Petroleum Exploration History
Petroleum exploration in the Philippines dates back to 1896 with the drilling of Toledo-1 well in Cebu Island by Smith & Bell. Widespread exploration activities were carried out from the 1950s to 1970s. At that time, exploration was governed by Republic Act No. 387 known as the "Petroleum Act of 1949" which ushered in the era of the concession system.
The current Service Contract System took effect in 1973 with the enactment of Presidential Decree No. 87, better known as the "Oil Exploration and Development Act of 1972". With its attractive contractual terms and liberal fiscal regime that are particularly favourable to offshore exploration, activities shifted to offshore areas like the Northwest Palawan Shelf where the first oilfield, Nido, was discovered. Several small fields, all located in offshore Northwest Palawan, were subsequently discovered and produced.
In 1989, a relatively large field was discovered in offshore Northwest Palawan when Occidental Philippines (Oxy) drilled the Camago-1 Well. The Camago Structure revealed the presence of oil and thick layer of natural gas with associated condensate.
This was followed by the discovery of West Linapacan field by Alcorn Philippines in 1990 in which the field commenced production after two (2) years and ceased production in 1996.
In 1991, Shell Philippine Exploration B.V. and Oxy drilled the Malampaya gas field which became, so far, the largest gas discovery in the country with proven reserves of 2.7 to 3.2 Trillion cubic of gas (Tcf).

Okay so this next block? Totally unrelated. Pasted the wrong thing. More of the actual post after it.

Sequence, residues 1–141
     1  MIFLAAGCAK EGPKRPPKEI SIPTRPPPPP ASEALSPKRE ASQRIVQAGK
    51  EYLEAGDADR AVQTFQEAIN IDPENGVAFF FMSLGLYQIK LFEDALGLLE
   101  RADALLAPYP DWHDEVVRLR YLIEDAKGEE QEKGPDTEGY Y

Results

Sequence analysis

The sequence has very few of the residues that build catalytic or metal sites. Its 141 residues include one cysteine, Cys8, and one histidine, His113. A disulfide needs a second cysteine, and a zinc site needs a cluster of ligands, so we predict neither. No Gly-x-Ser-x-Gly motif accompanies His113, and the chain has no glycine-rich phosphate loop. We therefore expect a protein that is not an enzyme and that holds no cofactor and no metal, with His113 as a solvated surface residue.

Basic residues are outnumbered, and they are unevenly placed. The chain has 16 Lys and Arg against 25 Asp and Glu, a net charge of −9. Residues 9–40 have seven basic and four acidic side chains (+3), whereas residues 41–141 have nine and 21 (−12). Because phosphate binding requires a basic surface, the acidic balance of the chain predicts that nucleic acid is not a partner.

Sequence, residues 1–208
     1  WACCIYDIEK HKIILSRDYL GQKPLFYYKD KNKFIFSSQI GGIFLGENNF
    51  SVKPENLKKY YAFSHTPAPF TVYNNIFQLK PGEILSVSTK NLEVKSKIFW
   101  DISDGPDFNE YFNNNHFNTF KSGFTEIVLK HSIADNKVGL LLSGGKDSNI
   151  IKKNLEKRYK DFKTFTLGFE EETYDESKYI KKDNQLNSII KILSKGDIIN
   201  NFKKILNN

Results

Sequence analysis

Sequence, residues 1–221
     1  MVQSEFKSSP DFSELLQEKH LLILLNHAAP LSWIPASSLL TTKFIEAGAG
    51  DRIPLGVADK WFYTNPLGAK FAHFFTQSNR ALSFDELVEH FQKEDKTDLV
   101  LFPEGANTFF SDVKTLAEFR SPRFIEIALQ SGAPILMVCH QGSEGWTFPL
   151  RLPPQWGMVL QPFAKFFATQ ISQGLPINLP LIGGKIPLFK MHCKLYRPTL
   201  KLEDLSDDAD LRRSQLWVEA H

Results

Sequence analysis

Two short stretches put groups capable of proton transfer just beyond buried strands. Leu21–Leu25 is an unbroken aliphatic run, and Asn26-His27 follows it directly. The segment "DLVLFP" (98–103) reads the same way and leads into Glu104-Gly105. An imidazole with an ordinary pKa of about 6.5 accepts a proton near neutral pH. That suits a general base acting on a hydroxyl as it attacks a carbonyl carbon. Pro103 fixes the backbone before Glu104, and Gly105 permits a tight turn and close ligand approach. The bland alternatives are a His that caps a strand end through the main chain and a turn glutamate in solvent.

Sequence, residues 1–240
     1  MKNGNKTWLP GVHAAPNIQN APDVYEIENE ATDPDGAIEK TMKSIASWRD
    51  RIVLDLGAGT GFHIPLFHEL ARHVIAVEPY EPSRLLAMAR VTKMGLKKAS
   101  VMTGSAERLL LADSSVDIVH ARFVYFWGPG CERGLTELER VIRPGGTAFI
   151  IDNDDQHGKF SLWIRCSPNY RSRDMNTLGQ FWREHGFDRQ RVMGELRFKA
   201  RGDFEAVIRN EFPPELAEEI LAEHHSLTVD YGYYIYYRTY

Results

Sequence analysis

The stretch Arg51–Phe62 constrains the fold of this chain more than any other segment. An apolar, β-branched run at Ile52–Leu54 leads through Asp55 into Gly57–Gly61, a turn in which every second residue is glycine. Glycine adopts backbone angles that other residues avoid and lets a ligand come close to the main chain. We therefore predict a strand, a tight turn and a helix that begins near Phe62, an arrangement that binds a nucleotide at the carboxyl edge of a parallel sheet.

The Malampaya gas field started its production in 2001 and as of end December 2017 has produced a total of 1.94 Tcf of gas and 75.0 million barrels of associated condensate. In 2001-2002, the oil leg was tested and produced 1.9 million barrels of crude oil.
The natural gas from Malampaya provides clean fuel for five (5) power plants in Batangas.
- Under Presidential Decree (P.D.) 87 otherwise known as the " Oil Exploration and Development Act of 1972, the following incentives are provided for petroleum service contractors:
- Service fee of up to 40% of net production
- Cost reimbursement of up to 70% gross production with carry-forward of unrecovered costs
- FPIA grants of up to 7.5% of the gross proceeds for service contract with minimum Filipino company participation of 15%
- Exemption from all taxes except income tax
- Income tax obligation paid out of government's share
- Exemption from all taxes and duties for importation of materials and equipment for petroleum operations
- Easy repatriation of investments and profits
- Free market determination of crude oil prices, i.e., prices realized in a transaction between independent persons dealing at arms-length
- Special income tax of 8% of gross Philippine income for subcontractors
- Special income tax of 15% of Philippine income for foreign employees of service contractors and subcontractors